Sony HT-A7000 soundbar review

hcchighreccomendIf you're looking for high-performance home cinema and music sound from a single box, John Archer thinks the HT-A7000 could be just the job

Some soundbars prioritise convenience and price, while others prioritise sound quality, features and versatility. Sony's new HT-A7000 is very much one of the latter.

You know it means business as soon as you clock its size: 1.3m wide and 14cm deep. This immediately raises hopes of a big, authentic audio performance, although bear in mind that it could present a positioning challenge if used with a desktop-mounted TV. Inside the A7000's lengthy and elegantly styled chassis are drivers delivering a 7.1.2 channel count. There are five of Sony's rectangular X-Balanced units (size unspecified) along the front, which are joined by a pair of side-firing beam tweeters. There are then two upfirers in the top edge, plus an integrated subwoofer. Total rated power for this spread is 500W, via digital amplification.

Some rival 'bars in this price bracket come with an outboard subwoofer and wireless rears, which you don't get here. You can add them as optional extras, though: £450 for Sony's SA-RS3S rear speaker pack, and either £450 or £700 for the 'entry level' SA-SW3 or premium SA-SW5 subwoofers respectively. And I know what you're thinking: that's a serious chunk of cash on top of the basic HT-A7000's already significant £1,200 cost.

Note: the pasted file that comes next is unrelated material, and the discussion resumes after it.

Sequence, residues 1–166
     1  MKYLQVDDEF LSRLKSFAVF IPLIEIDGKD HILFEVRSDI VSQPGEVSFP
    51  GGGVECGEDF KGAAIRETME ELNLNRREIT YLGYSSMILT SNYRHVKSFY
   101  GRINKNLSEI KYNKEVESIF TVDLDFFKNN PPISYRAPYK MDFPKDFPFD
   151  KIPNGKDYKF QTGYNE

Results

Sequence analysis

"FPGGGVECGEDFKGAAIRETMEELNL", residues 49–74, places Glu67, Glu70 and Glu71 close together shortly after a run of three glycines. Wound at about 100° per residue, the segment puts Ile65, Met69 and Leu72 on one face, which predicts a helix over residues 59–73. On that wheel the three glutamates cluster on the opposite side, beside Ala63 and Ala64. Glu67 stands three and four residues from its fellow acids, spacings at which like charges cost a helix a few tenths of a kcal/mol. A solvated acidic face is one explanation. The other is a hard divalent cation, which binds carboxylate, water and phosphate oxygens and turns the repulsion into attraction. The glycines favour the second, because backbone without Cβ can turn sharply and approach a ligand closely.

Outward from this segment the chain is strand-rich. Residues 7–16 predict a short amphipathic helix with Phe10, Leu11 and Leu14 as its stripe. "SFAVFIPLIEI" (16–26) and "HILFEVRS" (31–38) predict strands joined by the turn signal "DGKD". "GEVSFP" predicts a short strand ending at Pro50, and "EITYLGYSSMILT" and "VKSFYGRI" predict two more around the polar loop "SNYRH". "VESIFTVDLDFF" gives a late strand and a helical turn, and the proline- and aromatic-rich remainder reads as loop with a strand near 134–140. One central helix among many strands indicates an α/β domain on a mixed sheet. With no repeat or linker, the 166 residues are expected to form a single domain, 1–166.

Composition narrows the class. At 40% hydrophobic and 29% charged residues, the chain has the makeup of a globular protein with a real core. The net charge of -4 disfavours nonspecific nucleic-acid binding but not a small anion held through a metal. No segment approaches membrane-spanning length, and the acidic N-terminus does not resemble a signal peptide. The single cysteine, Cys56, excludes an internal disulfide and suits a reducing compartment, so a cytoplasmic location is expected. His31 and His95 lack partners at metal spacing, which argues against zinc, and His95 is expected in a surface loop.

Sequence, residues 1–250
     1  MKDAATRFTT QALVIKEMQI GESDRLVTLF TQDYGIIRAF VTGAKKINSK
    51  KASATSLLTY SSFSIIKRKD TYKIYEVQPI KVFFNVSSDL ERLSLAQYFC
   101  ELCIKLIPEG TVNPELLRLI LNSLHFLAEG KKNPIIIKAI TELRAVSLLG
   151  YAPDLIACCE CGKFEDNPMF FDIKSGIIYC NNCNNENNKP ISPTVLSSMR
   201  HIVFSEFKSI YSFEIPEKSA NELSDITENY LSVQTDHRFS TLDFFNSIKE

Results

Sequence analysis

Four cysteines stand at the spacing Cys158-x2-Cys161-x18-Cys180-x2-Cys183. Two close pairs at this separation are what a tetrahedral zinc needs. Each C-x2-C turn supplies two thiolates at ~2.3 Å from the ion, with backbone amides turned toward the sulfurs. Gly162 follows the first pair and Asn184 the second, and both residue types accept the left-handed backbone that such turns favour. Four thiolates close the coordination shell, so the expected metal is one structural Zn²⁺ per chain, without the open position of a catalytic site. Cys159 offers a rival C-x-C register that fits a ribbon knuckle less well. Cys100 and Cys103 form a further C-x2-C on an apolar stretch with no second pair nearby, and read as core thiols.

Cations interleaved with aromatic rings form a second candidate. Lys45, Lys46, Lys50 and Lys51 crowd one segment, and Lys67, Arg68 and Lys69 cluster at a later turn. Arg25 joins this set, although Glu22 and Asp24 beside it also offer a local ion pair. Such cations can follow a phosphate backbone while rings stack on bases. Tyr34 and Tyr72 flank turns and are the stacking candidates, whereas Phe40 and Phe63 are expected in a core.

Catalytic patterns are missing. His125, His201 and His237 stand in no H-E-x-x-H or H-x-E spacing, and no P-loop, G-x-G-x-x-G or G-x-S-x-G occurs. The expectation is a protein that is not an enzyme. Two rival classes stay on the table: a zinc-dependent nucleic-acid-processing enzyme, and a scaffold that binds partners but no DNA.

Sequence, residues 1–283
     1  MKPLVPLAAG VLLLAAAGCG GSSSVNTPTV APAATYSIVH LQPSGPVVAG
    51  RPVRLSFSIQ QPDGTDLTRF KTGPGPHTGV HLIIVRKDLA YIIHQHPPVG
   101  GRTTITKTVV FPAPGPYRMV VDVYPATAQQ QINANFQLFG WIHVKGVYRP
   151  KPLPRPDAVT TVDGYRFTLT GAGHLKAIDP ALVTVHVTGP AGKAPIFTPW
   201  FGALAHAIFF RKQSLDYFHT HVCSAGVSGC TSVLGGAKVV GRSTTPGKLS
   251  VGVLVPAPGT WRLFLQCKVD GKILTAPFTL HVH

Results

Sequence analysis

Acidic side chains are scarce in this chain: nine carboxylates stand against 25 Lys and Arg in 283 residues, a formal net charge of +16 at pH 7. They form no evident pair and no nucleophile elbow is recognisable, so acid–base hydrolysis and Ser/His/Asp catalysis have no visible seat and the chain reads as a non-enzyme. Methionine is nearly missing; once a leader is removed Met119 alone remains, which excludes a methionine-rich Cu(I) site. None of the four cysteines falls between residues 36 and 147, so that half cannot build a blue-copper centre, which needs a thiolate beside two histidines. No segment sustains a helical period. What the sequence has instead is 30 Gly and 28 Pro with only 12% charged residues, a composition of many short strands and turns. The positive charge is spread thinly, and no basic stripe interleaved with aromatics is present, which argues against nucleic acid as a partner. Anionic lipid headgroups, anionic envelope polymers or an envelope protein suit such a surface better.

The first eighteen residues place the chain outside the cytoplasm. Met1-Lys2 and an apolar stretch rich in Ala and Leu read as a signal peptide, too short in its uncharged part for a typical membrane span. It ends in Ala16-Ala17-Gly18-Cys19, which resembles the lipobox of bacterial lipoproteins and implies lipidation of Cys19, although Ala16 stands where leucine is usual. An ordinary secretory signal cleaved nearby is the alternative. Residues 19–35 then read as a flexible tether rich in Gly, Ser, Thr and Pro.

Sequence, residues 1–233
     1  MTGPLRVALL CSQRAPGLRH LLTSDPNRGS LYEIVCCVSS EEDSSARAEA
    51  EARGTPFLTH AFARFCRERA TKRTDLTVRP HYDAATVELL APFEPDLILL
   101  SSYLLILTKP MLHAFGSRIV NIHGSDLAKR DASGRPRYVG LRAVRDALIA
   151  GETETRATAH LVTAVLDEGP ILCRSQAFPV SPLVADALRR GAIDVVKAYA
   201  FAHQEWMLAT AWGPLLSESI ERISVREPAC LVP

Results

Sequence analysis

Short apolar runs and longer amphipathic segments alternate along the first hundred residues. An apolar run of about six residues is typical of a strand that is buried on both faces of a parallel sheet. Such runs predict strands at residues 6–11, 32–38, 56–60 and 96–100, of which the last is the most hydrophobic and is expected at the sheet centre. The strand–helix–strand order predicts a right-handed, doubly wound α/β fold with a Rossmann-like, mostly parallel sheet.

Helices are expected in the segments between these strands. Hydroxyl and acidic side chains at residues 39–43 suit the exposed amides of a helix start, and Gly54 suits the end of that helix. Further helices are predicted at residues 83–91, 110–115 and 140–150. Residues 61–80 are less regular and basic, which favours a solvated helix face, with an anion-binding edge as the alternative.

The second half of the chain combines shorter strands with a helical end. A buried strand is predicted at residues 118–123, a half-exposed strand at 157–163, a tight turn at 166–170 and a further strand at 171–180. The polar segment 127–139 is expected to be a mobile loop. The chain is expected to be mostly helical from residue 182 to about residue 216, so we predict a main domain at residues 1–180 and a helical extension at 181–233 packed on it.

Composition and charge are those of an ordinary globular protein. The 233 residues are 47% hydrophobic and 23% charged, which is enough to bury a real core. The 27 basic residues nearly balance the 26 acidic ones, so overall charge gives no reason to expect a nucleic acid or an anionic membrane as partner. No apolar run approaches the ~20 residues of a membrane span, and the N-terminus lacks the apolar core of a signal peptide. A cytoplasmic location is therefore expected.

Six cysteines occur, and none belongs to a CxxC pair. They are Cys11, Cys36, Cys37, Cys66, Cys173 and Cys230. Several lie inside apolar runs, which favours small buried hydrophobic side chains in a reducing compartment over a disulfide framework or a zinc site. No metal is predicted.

Wireless rears can be added for a more enveloping 9.1.2 performance

Other than its lack of native rears and standalone sub, this soundbar has an uncompromising feature list. Naturally there's support for DTS:X and Dolby Atmos immersive formats, and you can also play 360 Reality Audio tracks from Amazon Music HD, Deezer and Tidal, as well as high-resolution audio files, including DSD via USB connection. Streaming is through Wi-Fi, Bluetooth, Chromecast or Apple AirPlay 2.

A 'Sound Field Optimization' system uses built-in microphones to optimise the HT-A7000's frequency response to your room acoustics, while an 'Immersive Audio Enhancement' processing option is provided for adding an overhead sound effect to conventional surround and stereo sources.

The soundbar's physical connections, in addition to that USB, are a 2-in, 1-out HDMI loopthrough supporting 4K/120Hz video passthrough, eARC, and HDR10 and Dolby Vision (but not HDR10+). An update enabling automatic tone mapping optimisation and auto-genre mode switching with the PlayStation 5 console is due in spring 2022. Optical digital is a fallback input for legacy TVs.


Sony's premium sub option, the SA-SW5, marries a 7in driver to a passive radiator

A final hookup allows you to try out the Acoustic Centre Sync feature, where the soundbar join forces with a Sony TV's speakers to deliver more accurate detail placement. I enjoyed this with Sony's XR-65X90J TV (reviewed p48).

Elite Squad
Up and running, the HT-A7000 quickly establishes itself as a member of the soundbar elite, and its sonic prowess applies to both music and movies.

With movies, you get a gloriously detailed, vivid, and energetic soundstage. There's no detail, no matter how subtle, that the A7000 isn't sensitive enough to deliver. What's more, with Atmos and DTS:X mixes it places these within a finely honed 3D soundspace. Dialogue is lifted to better integrate with the onscreen visuals, and Sony's upfirers create some genuine overhead effects, rather than just building a 'wall of sound' before you.